The Retirement Winds of Change

What should be top of mind for plan sponsors in 2016

PS216-TL-Article-Portrait-C-Nelson.jpgThe definition of retirement in America has been evolving to include not just decades of golf or boating, but working, volunteering and pursuing a range of other personal interests. Regardless of what activities people might enjoy, getting to retirement for most means achieving some sort of financial independence; having the money to generate a stream of income to meet one’s needs; and ensuring that money lasts throughout retirement. While the journey is a personalized one, for most people it will include much saving, planning and decisionmaking.

Charlie Nelson, CEO of retirement at Voya Financial, spoke with PLANSPONSOR about the evolution of retirement and implications for the retirement plan industry in 2016.

PS: Charlie, let’s start just looking back at 2015. You’ve had a busy year. I know you joined Voya Financial to head up the retirement business. What have you been up to since you got there?

Charlie Nelson: Having been in the industry for over 30 years, this recent change has presented an exciting new opportunity for me. I started in May, as the CEO of Voya’s retirement organization. I currently oversee the company’s workplace and individual retirement businesses. This includes the tax exempt and corporate market segments, as well as our broker/dealer [B/D] and retail wealth management teams.

I’ve been thoroughly impressed with the strong team of individuals we have, as well as the breadth of solutions and the capabilities we have within Voya.

PS: What attracted you to Voya?

Nelson: What initially attracted me was the opportunity to be part of a newly independent company that is on an incredible journey to become “America’s Retirement Company.” We have a unique and compelling mix of businesses with some very established leadership positions in the retirement, investment and insurance marketplaces. Our workplace retirement plan business is one of the largest in the industry—it serves more than 46,000 employers and nearly 5 million retirement plan investors. Each of Voya’s businesses plays an important role in our strategy to help consumers plan, invest and protect their savings so they can get ready to retire better.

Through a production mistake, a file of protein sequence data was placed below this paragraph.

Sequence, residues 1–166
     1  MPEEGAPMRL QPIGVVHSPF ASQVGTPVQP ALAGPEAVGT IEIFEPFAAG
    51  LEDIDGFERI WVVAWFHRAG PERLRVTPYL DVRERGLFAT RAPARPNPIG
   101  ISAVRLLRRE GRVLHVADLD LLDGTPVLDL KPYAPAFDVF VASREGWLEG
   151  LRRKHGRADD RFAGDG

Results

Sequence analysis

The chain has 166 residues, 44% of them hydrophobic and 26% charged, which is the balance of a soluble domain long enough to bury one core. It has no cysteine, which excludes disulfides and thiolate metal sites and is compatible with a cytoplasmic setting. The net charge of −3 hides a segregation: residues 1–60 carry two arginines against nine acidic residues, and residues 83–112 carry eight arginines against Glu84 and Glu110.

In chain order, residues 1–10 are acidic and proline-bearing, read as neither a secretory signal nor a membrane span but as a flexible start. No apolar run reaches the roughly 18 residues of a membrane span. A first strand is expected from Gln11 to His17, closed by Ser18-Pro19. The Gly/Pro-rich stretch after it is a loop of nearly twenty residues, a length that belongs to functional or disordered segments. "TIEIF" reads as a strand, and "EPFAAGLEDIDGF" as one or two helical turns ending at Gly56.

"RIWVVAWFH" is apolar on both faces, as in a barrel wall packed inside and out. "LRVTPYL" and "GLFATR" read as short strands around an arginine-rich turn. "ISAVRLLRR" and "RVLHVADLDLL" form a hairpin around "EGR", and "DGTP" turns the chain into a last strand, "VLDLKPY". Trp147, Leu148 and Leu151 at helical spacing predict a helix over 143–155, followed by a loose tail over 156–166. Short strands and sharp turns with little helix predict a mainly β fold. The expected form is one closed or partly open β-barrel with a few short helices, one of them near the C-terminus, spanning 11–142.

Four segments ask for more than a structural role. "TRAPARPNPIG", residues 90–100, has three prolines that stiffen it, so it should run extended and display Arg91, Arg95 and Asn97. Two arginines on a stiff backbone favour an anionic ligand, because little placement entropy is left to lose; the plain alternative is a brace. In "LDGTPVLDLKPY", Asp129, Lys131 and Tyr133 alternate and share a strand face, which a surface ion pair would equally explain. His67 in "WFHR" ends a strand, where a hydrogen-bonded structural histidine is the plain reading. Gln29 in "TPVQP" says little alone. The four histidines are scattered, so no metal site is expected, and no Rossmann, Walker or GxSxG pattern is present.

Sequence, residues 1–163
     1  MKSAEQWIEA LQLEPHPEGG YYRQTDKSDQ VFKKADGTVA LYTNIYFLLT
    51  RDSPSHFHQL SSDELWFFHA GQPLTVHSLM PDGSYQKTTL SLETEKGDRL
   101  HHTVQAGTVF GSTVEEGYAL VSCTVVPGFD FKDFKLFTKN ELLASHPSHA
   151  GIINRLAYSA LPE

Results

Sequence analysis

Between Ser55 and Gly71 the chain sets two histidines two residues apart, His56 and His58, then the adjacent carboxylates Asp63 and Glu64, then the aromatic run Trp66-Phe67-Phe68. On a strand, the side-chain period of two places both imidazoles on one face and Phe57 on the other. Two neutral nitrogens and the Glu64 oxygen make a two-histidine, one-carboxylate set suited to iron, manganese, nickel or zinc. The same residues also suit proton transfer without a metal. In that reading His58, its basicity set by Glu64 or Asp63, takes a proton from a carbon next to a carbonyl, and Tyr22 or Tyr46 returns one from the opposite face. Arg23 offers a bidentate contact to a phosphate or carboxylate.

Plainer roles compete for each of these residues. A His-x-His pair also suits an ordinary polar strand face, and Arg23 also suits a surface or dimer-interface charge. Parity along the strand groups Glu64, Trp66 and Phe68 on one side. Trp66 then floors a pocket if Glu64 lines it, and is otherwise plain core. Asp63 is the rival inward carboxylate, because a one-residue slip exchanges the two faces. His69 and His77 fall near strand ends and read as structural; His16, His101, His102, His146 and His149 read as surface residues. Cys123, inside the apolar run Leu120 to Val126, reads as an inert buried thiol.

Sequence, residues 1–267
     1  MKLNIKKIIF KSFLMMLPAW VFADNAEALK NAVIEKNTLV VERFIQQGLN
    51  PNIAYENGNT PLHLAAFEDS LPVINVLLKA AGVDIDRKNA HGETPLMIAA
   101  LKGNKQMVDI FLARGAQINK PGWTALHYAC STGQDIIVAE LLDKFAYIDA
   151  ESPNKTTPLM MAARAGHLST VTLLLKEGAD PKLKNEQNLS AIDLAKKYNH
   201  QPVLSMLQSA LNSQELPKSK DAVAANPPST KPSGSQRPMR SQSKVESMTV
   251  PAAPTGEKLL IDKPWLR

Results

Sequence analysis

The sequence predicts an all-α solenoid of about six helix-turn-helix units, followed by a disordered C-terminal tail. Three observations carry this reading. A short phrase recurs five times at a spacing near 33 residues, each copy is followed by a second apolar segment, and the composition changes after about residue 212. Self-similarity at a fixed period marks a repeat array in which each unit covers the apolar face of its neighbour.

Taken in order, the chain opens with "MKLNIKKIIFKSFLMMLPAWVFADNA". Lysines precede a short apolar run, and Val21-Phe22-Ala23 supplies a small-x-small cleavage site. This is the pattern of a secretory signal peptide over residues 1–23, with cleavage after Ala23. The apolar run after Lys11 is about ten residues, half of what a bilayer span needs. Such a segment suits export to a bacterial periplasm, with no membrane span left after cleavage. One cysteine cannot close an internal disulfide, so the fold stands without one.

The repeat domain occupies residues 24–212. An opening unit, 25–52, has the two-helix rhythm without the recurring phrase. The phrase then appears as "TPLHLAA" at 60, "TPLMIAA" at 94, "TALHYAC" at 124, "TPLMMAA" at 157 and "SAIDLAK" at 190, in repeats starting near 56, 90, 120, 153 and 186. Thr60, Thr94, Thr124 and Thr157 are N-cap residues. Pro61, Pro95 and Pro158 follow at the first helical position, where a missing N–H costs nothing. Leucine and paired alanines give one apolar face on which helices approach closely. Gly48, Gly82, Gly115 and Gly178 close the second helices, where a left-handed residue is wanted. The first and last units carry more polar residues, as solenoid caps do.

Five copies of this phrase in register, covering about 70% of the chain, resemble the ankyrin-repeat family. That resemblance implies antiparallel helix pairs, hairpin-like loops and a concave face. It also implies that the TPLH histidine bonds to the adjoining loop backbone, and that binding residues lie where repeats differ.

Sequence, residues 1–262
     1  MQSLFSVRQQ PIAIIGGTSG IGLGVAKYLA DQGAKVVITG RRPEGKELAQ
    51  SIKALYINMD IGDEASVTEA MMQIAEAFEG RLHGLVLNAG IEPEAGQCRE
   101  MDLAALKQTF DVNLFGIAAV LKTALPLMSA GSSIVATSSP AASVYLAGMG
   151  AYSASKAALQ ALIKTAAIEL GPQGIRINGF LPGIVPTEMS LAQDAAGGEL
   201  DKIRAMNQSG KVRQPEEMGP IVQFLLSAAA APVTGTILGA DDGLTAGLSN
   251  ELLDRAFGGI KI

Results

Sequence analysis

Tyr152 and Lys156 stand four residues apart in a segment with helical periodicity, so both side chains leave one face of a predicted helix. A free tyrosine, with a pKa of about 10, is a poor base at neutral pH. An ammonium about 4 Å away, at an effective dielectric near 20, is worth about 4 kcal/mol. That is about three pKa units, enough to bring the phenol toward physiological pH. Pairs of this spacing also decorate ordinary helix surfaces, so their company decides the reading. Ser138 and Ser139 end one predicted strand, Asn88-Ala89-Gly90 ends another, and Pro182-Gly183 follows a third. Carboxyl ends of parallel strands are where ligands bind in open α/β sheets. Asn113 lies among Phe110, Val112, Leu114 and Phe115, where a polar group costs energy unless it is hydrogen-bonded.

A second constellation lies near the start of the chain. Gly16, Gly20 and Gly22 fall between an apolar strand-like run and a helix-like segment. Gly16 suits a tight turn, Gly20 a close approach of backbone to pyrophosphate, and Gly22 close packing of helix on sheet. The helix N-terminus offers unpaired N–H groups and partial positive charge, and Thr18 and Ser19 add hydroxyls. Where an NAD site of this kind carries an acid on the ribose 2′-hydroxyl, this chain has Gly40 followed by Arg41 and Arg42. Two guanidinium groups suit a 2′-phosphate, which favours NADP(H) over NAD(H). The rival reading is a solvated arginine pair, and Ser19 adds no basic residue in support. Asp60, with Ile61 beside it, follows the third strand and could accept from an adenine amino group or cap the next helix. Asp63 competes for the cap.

In terms of Voya’s accomplishments, we’re at an incredibly exciting point in our journey. We completed an IPO in 2013—one of the best performing offerings that year—and our stock trades on the New York Stock Exchange. We debuted last year on the Fortune 500 list, coming in at No. 268. Earlier in 2015, Voya achieved complete independence from its former European parent. We’re now a financially strong, U.S. public organization with one of the most diverse boards in the industry. What this means is that Voya is truly in charge of its own destiny, and we’re shaping how to best deliver retirement readiness value for our clients and partners.

To that end, we also announced last year that Voya is making a $350 million strategic investment over the next couple of years to help grow our business. Most of this is going to be focused on enhancing our technology and digital capabilities, which will help our company become even more oriented toward the consumer. We believe this is a compelling proof point that demonstrates our commitment to the business. In many respects, Voya is operating in a very unique place. Despite being a large, well-established market leader, we have the vibe of a startup organization that wants to help people think differently about retirement.